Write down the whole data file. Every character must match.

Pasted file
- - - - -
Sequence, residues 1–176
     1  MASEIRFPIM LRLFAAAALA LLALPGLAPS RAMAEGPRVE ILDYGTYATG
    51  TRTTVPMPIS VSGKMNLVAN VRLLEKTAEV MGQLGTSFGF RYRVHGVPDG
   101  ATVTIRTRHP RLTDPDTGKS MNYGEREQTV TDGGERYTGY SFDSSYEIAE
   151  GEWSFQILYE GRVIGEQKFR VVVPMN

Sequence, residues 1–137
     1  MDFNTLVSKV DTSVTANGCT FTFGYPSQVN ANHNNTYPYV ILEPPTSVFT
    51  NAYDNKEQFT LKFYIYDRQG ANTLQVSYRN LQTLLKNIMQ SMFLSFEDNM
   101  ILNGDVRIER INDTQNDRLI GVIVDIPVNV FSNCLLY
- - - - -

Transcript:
Sequence, residues 1–176
     1  MASEIRFPIM LRLFAAAALA LLALPGLAPS RAMAEGPRVE ILDYGTYATG
    51  TRTTVPMPIS VSGKMNLVAN VRLLEKTAEV MGQLGTSFGF RYRVHGVPDG
   101  ATVTIRTRHP RLTDPDTGKS MNYGEREQTV TDGGERYTGY SFDSSYEIAE
   151  GEWSFQILYE GRVIGEQKFR VVVPMN

Sequence, residues 1–137
     1  MDFNTLVSKV DTSVTANGCT FTFGYPSQVN ANHNNTYPYV ILEPPTSVFT
    51  NAYDNKEQFT LKFYIYDRQG ANTLQVSYRN LQTLLKNIMQ SMFLSFEDNM
   101  ILNGDVRIER INDTQNDRLI GVIVDIPVNV FSNCLLY